Good Fences Make a Good Neighborhood

by Amy Curry, Executive Director
May 23, 2023

When Augustus Crane purchased the house and property that became Acorn Hall and his gentleman’s farm in 1857, he no doubt was already eagerly planning how he would develop both. Along with expanding his new home to an Italianate residence and planting orchards and gardens, the proud owner of nine acres in the “country,” faithfully followed the cultural and social practices of the day, erecting a proper front yard fence.

Acorn Hall’s comparatively lightweight and open fence can be seen in this photograph from 1870.

During the latter half of the 19th century, the American landscape changed rapidly as cities exploded with industrialization and ever-expanding populations. Fences became part of a complex answer to the anxieties brought by the pervasive development of the country’s rural and semi-rural landscapes. First used simply as a means of livestock control, they transformed into a barrier against the social, moral, and aesthetic concerns of the encroaching industrialization and development. Crane’s own cast stone and wrought iron fence therefore not only delineated his family’s private space from the public thoroughfare of Morris Avenue, but also in providing for their comfort and security, exemplified the prevailing views and values of his community.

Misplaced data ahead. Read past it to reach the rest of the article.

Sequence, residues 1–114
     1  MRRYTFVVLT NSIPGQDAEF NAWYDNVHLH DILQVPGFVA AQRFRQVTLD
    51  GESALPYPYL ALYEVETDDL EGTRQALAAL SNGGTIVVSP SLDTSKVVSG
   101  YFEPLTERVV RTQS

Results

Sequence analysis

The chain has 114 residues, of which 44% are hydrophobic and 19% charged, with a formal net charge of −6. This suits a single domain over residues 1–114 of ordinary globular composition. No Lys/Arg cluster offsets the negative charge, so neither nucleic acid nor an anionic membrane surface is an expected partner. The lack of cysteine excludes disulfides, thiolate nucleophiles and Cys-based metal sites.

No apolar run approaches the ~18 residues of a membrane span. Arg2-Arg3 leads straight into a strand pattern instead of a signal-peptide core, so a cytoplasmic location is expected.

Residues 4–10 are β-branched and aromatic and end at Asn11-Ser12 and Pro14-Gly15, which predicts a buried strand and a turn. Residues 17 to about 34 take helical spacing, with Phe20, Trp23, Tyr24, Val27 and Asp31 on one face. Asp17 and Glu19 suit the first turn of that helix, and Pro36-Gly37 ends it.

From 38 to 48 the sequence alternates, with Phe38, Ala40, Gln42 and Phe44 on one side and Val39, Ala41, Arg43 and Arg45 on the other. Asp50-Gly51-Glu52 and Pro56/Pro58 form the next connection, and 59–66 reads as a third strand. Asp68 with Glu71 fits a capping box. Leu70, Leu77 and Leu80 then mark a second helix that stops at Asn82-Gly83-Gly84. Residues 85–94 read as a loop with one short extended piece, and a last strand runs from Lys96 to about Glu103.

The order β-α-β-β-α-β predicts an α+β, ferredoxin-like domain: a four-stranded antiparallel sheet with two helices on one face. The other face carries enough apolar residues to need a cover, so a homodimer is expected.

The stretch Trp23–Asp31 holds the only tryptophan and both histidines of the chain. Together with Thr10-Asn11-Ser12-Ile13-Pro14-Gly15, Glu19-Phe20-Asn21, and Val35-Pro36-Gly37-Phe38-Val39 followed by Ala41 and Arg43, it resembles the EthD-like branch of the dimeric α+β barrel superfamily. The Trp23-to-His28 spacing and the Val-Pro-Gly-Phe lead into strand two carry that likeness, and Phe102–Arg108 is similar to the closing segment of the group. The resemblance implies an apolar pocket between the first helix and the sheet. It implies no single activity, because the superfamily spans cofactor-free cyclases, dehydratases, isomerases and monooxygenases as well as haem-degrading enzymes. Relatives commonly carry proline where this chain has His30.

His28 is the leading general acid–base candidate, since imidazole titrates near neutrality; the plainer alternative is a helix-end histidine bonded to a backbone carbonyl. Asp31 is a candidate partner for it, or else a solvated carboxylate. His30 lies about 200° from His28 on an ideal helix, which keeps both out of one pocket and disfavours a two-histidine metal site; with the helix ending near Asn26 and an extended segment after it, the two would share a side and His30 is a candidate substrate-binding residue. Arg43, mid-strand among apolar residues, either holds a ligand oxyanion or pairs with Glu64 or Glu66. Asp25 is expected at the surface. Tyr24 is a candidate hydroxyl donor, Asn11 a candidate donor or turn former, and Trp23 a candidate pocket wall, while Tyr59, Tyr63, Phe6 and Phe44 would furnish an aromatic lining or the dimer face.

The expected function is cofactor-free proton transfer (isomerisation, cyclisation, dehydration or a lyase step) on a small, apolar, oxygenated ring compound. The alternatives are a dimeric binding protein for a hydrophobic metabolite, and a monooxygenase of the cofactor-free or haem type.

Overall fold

Rest Harrow’s stone wall across the street from Acorn Hall still stands.

While Andrew Jackson Downing, noted mid-19th-century landscape architect whose highly influential tenets are reflected in Acorn Hall, felt that fences were only appropriate as necessary for practical purposes, other architects, landscapers, and gardeners noted their desirability along the front of homes. They especially lauded those like Crane’s that were largely invisible or at least unobtrusive (from the homeowner’s view), particularly if hidden behind a hedge. However, by the 1870s, Morristown had grown significantly, and philosophies evolved, as illustrated by the solid, more imposing stone wall constructed for his daughter’s new home across the street. The following generations of millionaires that flocked to the area would erect even more towering barricades between their estates and the outside world. Ironic then, that in the 20th century, as Morristown developed even further, the front yard fence was erased from the landscape, eliminating Crane’s emblematic delineation of his nine-acre kingdom.

As a part of our ongoing efforts to preserve Acorn Hall and its landscape to how Augustus Crane would have known it, we look forward to restoring the original front yard fence.